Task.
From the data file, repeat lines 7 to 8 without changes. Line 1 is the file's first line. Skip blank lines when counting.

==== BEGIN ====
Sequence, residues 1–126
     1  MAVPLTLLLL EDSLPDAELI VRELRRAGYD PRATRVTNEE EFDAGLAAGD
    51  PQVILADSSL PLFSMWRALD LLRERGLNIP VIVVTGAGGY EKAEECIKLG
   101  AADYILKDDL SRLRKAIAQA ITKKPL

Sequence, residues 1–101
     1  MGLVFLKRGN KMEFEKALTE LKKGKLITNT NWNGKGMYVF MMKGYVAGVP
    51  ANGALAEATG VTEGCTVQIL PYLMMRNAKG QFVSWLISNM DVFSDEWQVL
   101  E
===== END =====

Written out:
    51  ANGALAEATG VTEGCTVQIL PYLMMRNAKG QFVSWLISNM DVFSDEWQVL
   101  E